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by Mary Eliza Crane

The secret of a perfect pie crust
is white flour, Crisco,
and Shirley's recipe
from her 1929 home ec book.
I was the only daughter in law
she would ever have
and she did not want the skill to die.
Now I'm not one for fussy domestic arts,
rather thick bean stews,
unpeeled vegetables,
the stuff you don't have to measure or time.
She bought the rolling pin,
the pie plate,
the Crisco,
and a vegetable peeler too.
The quiche pan was wrapped
under the tree.
She fretted I'd add too much water,
hovered, afraid I would toss
a bit too much with the fork
and toughen the dough,
showed me how to flute the rim
all the while telling me
her sister makes a prettier crust than she.
I wonder for the zillionth time
why she feels inferior to
her crazy sister Barb
who hasn't left her house in years,
all the while wondering
how I am supposed to roll out
an unmixed pile of slightly damp flour
into something that could hold a pie.
But never mind the holes, she says,
you can always put in patches.
So I did.

For some reason, I kept on making pie crusts.
The kids knew to stay out of the kitchen,
my temper close with frustration,
until I ignored the recipe and added
enough water, changed the Crisco
to butter, and eventually discovered
the food processor.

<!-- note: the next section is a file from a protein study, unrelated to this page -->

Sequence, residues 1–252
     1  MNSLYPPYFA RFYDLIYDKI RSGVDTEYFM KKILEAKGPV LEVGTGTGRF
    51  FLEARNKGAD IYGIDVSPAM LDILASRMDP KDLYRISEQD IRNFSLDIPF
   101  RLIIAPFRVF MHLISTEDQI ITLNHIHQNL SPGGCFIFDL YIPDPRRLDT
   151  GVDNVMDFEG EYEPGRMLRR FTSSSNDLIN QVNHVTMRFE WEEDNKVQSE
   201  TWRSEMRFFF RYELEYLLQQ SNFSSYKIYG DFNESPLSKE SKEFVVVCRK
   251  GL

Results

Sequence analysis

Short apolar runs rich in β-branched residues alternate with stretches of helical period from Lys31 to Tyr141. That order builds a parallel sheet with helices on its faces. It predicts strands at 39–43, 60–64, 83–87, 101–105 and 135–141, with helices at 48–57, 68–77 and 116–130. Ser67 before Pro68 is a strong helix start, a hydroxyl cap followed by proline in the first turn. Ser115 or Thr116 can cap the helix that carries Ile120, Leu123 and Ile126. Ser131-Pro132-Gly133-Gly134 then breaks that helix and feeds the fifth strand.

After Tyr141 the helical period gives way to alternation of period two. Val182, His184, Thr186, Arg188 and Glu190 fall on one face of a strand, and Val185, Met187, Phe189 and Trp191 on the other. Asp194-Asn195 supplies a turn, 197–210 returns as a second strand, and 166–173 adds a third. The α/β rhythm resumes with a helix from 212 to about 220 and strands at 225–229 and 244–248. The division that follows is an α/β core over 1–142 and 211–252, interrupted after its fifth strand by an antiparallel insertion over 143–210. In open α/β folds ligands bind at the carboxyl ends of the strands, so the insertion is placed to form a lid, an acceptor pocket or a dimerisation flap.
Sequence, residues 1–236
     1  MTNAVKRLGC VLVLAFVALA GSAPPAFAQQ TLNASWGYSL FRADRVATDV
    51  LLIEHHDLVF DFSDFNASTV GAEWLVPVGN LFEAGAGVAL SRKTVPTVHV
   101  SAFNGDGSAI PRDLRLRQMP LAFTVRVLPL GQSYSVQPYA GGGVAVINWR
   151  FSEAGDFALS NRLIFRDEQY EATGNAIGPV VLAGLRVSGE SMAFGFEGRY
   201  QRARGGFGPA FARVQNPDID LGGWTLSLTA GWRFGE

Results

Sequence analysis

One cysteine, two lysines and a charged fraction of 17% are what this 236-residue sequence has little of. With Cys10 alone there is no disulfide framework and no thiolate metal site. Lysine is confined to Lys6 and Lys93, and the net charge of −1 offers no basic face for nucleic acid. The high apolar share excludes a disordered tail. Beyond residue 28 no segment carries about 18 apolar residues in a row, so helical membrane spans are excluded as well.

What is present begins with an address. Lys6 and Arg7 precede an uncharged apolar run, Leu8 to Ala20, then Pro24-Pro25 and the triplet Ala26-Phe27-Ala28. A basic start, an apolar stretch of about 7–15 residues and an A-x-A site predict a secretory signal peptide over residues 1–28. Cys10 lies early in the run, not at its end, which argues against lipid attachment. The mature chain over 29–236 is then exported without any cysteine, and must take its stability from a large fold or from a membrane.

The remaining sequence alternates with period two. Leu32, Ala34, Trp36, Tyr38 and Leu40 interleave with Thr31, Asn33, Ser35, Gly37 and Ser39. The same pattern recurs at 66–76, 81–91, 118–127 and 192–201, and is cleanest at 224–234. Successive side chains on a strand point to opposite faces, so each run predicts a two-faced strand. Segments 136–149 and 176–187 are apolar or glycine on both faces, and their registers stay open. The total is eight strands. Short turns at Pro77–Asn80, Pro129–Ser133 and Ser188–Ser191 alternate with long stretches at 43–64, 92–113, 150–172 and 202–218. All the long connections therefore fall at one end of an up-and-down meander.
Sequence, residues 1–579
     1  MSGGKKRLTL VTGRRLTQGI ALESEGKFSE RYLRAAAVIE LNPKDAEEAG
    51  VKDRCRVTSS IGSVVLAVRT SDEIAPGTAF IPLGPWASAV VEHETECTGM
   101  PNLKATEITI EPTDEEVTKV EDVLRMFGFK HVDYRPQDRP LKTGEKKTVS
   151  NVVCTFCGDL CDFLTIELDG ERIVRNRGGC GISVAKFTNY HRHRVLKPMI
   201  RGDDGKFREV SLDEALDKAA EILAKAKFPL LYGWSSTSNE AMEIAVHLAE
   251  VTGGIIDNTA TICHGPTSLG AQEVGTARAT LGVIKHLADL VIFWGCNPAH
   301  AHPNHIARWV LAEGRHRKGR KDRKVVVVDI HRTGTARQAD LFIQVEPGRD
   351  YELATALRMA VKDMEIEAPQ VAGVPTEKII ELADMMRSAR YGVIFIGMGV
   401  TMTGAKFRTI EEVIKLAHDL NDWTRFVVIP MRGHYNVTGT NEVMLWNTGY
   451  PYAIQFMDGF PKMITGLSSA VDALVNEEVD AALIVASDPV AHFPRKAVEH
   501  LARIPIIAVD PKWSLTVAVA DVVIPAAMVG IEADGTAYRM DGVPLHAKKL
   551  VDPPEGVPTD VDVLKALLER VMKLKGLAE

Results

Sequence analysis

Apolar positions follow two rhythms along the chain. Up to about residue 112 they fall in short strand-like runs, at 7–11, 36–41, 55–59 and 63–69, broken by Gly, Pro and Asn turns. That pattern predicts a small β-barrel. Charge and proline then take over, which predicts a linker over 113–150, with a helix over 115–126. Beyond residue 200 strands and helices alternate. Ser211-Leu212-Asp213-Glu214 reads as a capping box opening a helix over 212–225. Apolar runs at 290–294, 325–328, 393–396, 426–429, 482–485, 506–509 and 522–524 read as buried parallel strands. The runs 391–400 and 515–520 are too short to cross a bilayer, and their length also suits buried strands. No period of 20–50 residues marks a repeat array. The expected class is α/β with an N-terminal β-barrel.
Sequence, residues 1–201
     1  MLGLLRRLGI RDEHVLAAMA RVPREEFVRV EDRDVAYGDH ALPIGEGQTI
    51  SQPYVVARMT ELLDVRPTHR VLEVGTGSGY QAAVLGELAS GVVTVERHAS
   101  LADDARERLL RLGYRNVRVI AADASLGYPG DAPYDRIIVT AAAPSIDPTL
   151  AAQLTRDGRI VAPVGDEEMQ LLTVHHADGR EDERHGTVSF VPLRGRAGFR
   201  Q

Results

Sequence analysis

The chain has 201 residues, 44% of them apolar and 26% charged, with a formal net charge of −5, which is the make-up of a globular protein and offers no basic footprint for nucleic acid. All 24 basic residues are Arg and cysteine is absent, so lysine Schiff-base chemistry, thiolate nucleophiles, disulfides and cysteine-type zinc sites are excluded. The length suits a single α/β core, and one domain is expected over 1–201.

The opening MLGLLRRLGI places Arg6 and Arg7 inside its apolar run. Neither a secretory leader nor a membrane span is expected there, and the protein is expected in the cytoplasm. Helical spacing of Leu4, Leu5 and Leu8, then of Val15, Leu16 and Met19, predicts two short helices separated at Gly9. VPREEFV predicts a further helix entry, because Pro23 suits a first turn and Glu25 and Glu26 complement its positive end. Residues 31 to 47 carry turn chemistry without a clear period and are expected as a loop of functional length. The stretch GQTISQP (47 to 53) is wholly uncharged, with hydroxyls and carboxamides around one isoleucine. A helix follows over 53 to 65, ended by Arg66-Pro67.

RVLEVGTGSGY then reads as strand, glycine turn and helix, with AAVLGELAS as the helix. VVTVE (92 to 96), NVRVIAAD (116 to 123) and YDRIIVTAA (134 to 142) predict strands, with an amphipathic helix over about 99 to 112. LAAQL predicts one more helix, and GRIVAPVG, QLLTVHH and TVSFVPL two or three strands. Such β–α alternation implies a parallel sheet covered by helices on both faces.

By then it didn't really matter.

She was OK for a for a few years
after Nick died.
But then neighbors worried,
brandishing kitchen knives in the driveway
in her housecoat and bedroom slippers,
taken away to the hospital
in handcuffs in a cop car,
defiant all the way.

Shirley's one and only stand.

I saw her last three weeks ago,
hard to rouse, harder to focus,
face no longer capable of expression,
she hadn't recognized me in years.
But her eyes opened for one short moment,
saw a face she knew she loved
and who loved her,
lit the room with her emotion.

It was our good-bye.

She wasn't heroic like my father,
Or bold and daring like my mother,
just a 1950s housewife
with a sweet tooth,
the kind of mother other people had.

With a tattered grease stained paper
tucked between the pages of a book,
she somehow became mine.

OCTOBER 14, 1923 APRIL 23, 2009

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